FIG. 6 is a cross-sectional view like FIG. 1 depicting application of a conductor layer on the substrate in accordance with the present invention;

FIG. 7 is a cross-sectional view like FIG. 1 depicting planarization of the conductor layer in accordance with the present invention;

FIG. 8 is a cross-sectional view like FIG. 1 following an etch of the second dielectric layer in accordance with the present invention;

FIG. 9 is a cross-sectional view like FIG. 1 following salicidation in accordance with the present invention;

FIG. 10 is a cross-sectional view like FIG. 1 depicting an alternative application of a first dielectric layer in accordance with the present invention;

FIG. 11 is a cross-sectional view like FIG. 10 following an etch of the first dielectric layer and a source/drain implant in accordance with the present invention; and

FIG. 12 is a cross-sectional view like FIG. 10 following formation of a second dielectric layer on the substrate in accordance with the present invention.

DETAILED DESCRIPTION OF SPECIFIC EMBODIMENTS

In the drawings described below, reference numerals are generally repeated where identical elements appear in more than one figure. Turning now to the drawings, and initially to FIG. 8, there is shown a cross-sectional view of an exemplary embodiment of an integrated circuit transistor ("transistor") 10 in accordance with the present invention. The transistor 10 may be an IGFET, a MOSFET, or other type of transistor and may be n-channel or p-channel. The transistor 10 is formed on a semiconductor substrate 20 which may be composed of n-doped, or p-doped silicon, silicon-on-insulator, or other suitable substrate materials. The transistor 10 includes a gate electrode 30 formed on the substrate 20. A gate dielectric layer 40 is interposed between the substrate 20 and the gate electrode 30. Source/drain regions 50 and 60 are formed in a well 65 in the substrate and are laterally spaced to define a channel region 70 underlying the gate electrode 30. The phrase "source/drain region(s)" is used herein to describe a region that may serve as either a source or a drain. The person of ordinary skill in the art will appreciate that a source/drain region may function as a source or a drain depending upon whether it is connected to VSS or VDD during metallization. The well 65 may be an N-well or a P-well. Dielectric sidewall spacers 80 and 90 are disposed adjacent to the gate electrode 30.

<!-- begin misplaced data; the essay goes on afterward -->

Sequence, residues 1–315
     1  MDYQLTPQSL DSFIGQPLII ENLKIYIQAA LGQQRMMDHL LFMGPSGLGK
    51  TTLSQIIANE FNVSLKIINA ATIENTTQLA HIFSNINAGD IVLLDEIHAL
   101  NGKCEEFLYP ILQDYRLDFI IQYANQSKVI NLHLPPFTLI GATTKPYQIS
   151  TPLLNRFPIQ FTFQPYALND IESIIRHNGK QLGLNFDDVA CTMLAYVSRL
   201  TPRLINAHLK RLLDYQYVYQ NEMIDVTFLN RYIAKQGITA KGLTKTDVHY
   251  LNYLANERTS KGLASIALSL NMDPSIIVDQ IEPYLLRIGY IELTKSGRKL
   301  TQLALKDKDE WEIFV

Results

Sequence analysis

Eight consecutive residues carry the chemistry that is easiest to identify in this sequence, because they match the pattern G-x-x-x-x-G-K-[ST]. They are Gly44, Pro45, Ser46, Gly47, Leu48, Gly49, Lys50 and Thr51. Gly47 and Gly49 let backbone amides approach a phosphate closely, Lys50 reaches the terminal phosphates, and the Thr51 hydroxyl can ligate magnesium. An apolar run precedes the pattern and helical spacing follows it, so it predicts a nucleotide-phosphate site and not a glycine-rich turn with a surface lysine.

Isolation trenches 100 and 110 electrically isolate the transistor 10 from other structures in the substrate 20 and define an active area 120 for the transistor 10. The isolation trenches 100 and 110 may be fabricated using well known techniques to fabricate isolation trenches, such as, for example, shallow trench isolation and reflow, deep trench isolation, or other suitable trench isolation techniques. The isolation trenches 100 and 110 are advantageously composed of a suitable dielectric material, such as SiO2 or other suitable dielectric trench isolation materials.

The process flow for fabricating the transistor 10 shown in FIG. 8 may be understood by referring to FIGS. 1, 2, 3, 4, 5, 6, 7, and 8. Referring initially to FIG. 1, a first dielectric layer 130 is formed on the substrate 20. The first dielectric layer 130 may be composed of SiO2, Si3 N4, silicon oxynitride, or other dielectric materials suitable to function as a hard mask against subsequent ion implantation as described more below. In an exemplary embodiment, the first dielectric layer 130 is silicon oxynitride. The first dielectric layer 130 may be 2000 to 5000 Å thick and is advantageously 3500 Å thick. The process to form the first dielectric layer 130 will depend on the material selected. For example, if silicon oxynitride is selected, the first dielectric layer may be formed by chemical vapor deposition ("CVD") or other suitable oxynitride formation techniques. Dry oxidation techniques or other suitable oxide formation techniques may be utilized if SiO2 is selected. For example, the substrate 20 may be exposed to an O2 containing ambient at approximately 700 to 1000 C. for approximately 30 to 90 minutes in a diffusion tube process.

Referring now to FIG. 2, the substrate 20 is masked and patterned, and the first dielectric layer 130 anisotropically etched to expose portions of the substrate 20. The remnant of the dielectric layer 130 following the etch is in the general shape of a field effect transistor gate electrode. As discussed more below, the first dielectric layer 130 will be removed later in the process to provide-an opening for the formation of the gate electrode 30 shown in FIG. 8.

The source/drain regions 50 and 60 are formed by ion implantation as indicated by the arrows 140. The first dielectric layer 130 functions as a hard mask against the implant, enabling the source/drain regions 50 and 60 to be established laterally spaced yet self-aligned to the first dielectric layer 130. This is in contrast to a conventional fabrication process where source/drain implants are performed using a gate electrode and a gate electrode with sidewall spacers as hard masks against the implant. The dopant species for the implant will depend on the type of transistor, e.g. p-channel or n-channel. In an exemplary n-channel embodiment, the dopant is arsenic. The implant dosage may be 8E14 to 8E15 ions/cm2 and is advantageously 5E15 ions/cm2. The implant energy may be 1 to 60 keV and is advantageously 30 keV. The implant angle is advantageously 0.